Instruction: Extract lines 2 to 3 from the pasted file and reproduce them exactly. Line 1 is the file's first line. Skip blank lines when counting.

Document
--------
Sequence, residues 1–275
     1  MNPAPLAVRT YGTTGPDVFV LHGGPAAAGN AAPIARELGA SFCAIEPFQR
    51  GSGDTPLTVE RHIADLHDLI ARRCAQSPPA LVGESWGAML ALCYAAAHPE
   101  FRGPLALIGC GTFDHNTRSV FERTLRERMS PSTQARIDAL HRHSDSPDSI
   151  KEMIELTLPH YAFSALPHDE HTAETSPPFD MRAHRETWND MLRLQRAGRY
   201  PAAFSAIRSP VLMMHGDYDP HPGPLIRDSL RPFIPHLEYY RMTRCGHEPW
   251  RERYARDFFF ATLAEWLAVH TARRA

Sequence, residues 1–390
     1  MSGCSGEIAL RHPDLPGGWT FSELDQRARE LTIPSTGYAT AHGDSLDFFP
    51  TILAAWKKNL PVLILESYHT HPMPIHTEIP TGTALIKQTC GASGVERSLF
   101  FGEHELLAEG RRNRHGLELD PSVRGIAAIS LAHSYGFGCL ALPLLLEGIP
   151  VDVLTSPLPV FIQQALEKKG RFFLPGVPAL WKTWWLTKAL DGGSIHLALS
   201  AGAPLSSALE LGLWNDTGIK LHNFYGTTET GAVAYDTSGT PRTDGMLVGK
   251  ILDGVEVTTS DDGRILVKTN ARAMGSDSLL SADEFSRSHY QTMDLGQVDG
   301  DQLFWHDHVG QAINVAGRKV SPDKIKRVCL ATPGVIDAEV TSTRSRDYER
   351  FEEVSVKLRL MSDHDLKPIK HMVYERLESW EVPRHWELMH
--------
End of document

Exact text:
     1  MNPAPLAVRT YGTTGPDVFV LHGGPAAAGN AAPIARELGA SFCAIEPFQR
    51  GSGDTPLTVE RHIADLHDLI ARRCAQSPPA LVGESWGAML ALCYAAAHPE